A new method of 3D printing with liquid metals has emerged

Researchers at the US Department of Energy have unveiled a new method for printing using liquid metals. It can be scaled, and the approach itself is safer than analogs.

A team of scientists from Lawrence Livermore National Laboratory (LLNL) has simulated droplets’ ejection using the 3D printing technique on metal. The researchers note that this is a critical aspect of the future development of liquid metal printing technology.

The group describes how to simulate a process where molten droplets of liquid metal are poured into layers to 3D print a part. This process does not require lasers or metal powders; it is more like inkjet printing.

Using this model, the researchers studied the dynamics of the primary decay of metal droplets required to improve the printing process. Unlike similar methods (such as printing with powder), it does not require a large array of materials or handling potentially hazardous powders, the researchers note.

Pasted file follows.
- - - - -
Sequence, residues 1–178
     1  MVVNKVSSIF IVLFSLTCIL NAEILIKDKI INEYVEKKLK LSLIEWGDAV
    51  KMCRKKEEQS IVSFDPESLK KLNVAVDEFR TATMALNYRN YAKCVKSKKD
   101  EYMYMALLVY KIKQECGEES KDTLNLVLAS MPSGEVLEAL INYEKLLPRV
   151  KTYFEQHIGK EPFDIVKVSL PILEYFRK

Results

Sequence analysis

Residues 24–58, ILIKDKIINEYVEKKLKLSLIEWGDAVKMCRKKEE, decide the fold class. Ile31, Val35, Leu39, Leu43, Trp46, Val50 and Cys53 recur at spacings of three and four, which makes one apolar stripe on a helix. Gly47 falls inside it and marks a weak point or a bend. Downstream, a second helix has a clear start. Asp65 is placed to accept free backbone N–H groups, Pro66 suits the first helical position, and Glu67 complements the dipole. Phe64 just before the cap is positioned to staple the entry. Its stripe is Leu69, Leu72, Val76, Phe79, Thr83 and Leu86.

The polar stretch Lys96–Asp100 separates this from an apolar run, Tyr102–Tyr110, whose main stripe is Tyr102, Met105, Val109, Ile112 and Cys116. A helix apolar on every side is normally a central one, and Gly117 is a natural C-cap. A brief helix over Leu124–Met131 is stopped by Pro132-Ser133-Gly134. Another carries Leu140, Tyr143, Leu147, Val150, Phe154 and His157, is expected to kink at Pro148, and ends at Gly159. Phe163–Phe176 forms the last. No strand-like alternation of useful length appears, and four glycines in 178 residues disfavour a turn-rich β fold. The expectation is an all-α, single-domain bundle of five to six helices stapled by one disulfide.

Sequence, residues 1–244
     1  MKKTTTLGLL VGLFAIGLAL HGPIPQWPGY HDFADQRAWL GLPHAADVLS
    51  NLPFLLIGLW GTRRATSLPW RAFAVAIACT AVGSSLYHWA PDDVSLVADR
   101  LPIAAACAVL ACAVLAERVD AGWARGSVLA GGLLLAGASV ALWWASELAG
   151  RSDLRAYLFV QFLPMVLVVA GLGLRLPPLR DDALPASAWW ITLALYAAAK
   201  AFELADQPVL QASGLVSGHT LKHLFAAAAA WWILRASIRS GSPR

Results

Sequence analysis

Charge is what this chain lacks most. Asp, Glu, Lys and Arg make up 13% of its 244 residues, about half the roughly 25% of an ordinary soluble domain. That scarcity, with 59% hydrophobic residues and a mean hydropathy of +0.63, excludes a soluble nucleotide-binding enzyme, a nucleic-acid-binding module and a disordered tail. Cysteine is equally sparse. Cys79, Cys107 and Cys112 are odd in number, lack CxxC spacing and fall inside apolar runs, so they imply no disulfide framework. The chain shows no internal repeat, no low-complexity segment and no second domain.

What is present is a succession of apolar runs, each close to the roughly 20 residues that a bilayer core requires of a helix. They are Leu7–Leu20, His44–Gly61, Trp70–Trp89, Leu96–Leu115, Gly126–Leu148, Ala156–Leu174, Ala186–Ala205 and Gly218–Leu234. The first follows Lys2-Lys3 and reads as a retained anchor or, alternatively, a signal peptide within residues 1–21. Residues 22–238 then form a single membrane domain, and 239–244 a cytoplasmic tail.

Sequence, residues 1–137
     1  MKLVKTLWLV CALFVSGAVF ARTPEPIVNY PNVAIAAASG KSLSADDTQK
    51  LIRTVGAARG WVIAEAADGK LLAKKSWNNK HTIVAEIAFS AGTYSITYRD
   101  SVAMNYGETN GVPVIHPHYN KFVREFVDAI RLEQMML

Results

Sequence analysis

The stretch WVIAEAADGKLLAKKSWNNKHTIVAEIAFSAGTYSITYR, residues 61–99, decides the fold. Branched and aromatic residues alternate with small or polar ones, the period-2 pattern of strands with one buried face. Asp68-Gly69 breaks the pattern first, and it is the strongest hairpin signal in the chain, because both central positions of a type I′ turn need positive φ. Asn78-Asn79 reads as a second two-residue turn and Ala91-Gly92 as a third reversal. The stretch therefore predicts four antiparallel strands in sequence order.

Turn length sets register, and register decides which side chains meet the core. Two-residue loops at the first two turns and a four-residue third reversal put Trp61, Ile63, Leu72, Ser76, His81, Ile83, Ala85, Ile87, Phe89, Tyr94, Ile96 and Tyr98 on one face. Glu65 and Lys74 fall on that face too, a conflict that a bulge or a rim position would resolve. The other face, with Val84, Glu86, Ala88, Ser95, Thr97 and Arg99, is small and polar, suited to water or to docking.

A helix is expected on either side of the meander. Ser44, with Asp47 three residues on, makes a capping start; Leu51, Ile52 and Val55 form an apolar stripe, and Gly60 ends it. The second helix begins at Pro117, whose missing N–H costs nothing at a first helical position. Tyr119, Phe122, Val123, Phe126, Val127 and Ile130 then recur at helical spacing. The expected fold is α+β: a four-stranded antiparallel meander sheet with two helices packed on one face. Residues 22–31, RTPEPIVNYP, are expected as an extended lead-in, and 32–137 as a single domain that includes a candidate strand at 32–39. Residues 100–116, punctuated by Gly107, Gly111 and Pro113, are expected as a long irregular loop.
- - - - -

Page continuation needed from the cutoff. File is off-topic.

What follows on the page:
“Right now, we don’t have an understanding of the entire physics of printing with a liquid in the form of a metal,” said co-author Andy Pascall. “This model points to additional physical mechanisms that may need to be explored to move from experimentation to simulation.”

To conduct the research, the team created a special liquid metal printer capable of extruding tin drops. Combined with high-speed printing, the printer served as an experimental base for free droplet printing and allowed the team to track detailed dynamics during emissions.

Research has shown that this technique is stable and reproducible. The team now plans to investigate droplet extrusion across a wider range of process parameters and seek a deeper understanding of the factors influencing droplet shape, decay, and formation of high-grade materials.

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